Friday, July 11, 2014

Yucca filamentosa, trash plants?

With time I’ve come to accept that many discerning plant people think Yucca filamentosa is a curse, the worst of the bunch...

Okay I get it, this plant is rather hard to remove. Once you’ve planted it you’ll probably have it forever (I want to say “but since it’s so beautiful what’s the problem?”)…

It’s with this knowledge that I smiled when I saw this intense patch of yucca for the first time. There were no less than 50 spikes about to burst into bloom.

Thing is their little patch of land is also used as the trash and recycling staging for the nearby apartment building.

On trash day they get no respect! (as if they did any other day)…

Well I for one was awestruck at their impressive numbers, I wonder if anyone else appreciates them?

So beautiful...

All material © 2009-2014 by Loree Bohl for danger garden. Unauthorized reproduction prohibited and just plain rude.

24 comments:

  1. Exactly! Perfect for a space you want to ignore. I enjoy seeing these little slices of ground where a yucca or agave landed years ago and now thrives on neglect.

    ReplyDelete
    Replies
    1. Oh if only agaves here could thrive on neglect...

      Delete
  2. Yes Loree, we appreciate them down in Texas but so do the deer. They make a tasty snack for our four legged friends when the stalk first appears. I am told that the flowers make a nice snack for us too. I think they can be stuffed and fried rather like squash blossoms. WHy not give it a try.

    ReplyDelete
    Replies
    1. I've often though of doing that, sadly I missed my opportunity this year (ours are pretty much all wilted) but maybe next year!

      Delete
  3. I love my Yucca filamentosa and enjoy seeing them gracing tough growing areas. It's interesting that Rock rose says Texas deer eat them. Not only do my local black tails not like yuccas, I found that a row of them makes an effective protective screen for lilies. My yuccas were relocated due to construction and the lilies were rather poorly transplanted (seriously, unimaginably bad job transplanting) so that I barely have any left, and none blooming size, but one of the first things I did when I came home was to move what small lilies I could behind the protection of the yuccas in their new home. Hopefully in a few years there will once again be blazing orange lilies peaking from behind the yuccas.

    ReplyDelete
    Replies
    1. I've seen yuccas look bad after transplanting but then they spring back with force the next year, how long ago were yours moved?

      Delete
  4. My kind of plant, though we have "a few other yuccas" in the high desert. Here, Y. filamentosa or Y. recurvifolia just needs the irrigation turned off a few seasons, and it's not there forever...

    ReplyDelete
    Replies
    1. Just a few others...(which are gorgeous!)

      Delete
  5. I have the variegated variety and I'm always surprised when I see the bloom spike( like icing on the cupcake). My neighbors love it when it blooms since it blooms right by the street. I'm sorry to see the trash can lids on top of the bloom spikes. The same people probably mow down their wildflowers just before they bloom in their lawns! Maybe you could make that photo into a T-Shirt with the caption 'Ouch!' on the bottom, then wear it when you walk by. It might work. David/:0)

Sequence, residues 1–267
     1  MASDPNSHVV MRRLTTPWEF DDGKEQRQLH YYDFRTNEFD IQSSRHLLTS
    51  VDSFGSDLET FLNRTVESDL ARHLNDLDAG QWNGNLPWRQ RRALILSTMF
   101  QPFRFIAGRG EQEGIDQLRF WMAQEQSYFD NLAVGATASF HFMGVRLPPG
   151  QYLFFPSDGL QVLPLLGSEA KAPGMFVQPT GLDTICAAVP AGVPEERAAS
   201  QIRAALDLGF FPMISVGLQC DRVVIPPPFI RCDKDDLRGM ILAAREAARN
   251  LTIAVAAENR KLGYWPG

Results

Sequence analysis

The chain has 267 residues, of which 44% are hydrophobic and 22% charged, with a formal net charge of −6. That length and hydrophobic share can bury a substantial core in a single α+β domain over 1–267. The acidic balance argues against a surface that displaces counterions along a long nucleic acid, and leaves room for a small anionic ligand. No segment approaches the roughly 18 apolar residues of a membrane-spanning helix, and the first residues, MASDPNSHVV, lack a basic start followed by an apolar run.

ReplyDelete
    Replies
    1. My variegated bloom spikes are so much shorter than the solid green ones. Kind of odd.

      Delete
  6. This comment has been removed by the author.

    ReplyDelete
    Replies
    1. Things that make you go "hmmm"

      Delete
  7. I often admire your plants, Loree, and wish I could grow them too (in summer I'd qualify in the dryness department, in winter it's too cold) What fabulous spikes of flower! But I just checked hardiness and it seems that Yucca filamentosa is something I might get away with. Will try ...

    ReplyDelete
    Replies
    1. Yay! They are VERY tough plants.

      Delete
  8. These are so impressive when you see a mass of them in bloom. Like you, I was pleasantly surprised by some last year at a post office I don't typically visit, the only vegetation around the parking lot.

    I didn't know anybody ever tried to remove these, but I guess that's why they end up being the only plants in areas like these: they just come back again and again.

    ReplyDelete
    Replies
    1. I so wish I could have gotten a picture without the trash receptacles...

      Delete
  9. "On trash day they get no respect". They don't NEED anyone's respect, they don't give a damn! Look at them just flowering away, paying no attention to the fact they share a home with garbage. Love it.

    ReplyDelete
  10. I love my one and only 'Color Guard.' It has one short bloom spike this year, and I'm sure hoping for more in years to come. I'm sure one reason why the ones in your post were planted there so close to the trash containers was because of how indestructible they are.

    ReplyDelete
    Replies
    1. The trash containers move. The first time I saw this patch they weren't there but every time I went back they were...

      Delete
  11. They are perfect against the stucco background of the building, and the flowers are sublime. Now about that real trash.

    ReplyDelete
  12. I went to a pot-luck where someone had brought fresh yucca flowers stuffed with a mixture of sweetened cream cheese and wild blueberries. Delicious!

    ReplyDelete
  13. I think this plant might be the answer to my curbside planting strip. If it can survive a dumpster, basketball should be no problem.

    ReplyDelete

Thank you for taking the time to comment. Comment moderation is on (because you know: spam), I will approve and post your comment as soon as possible!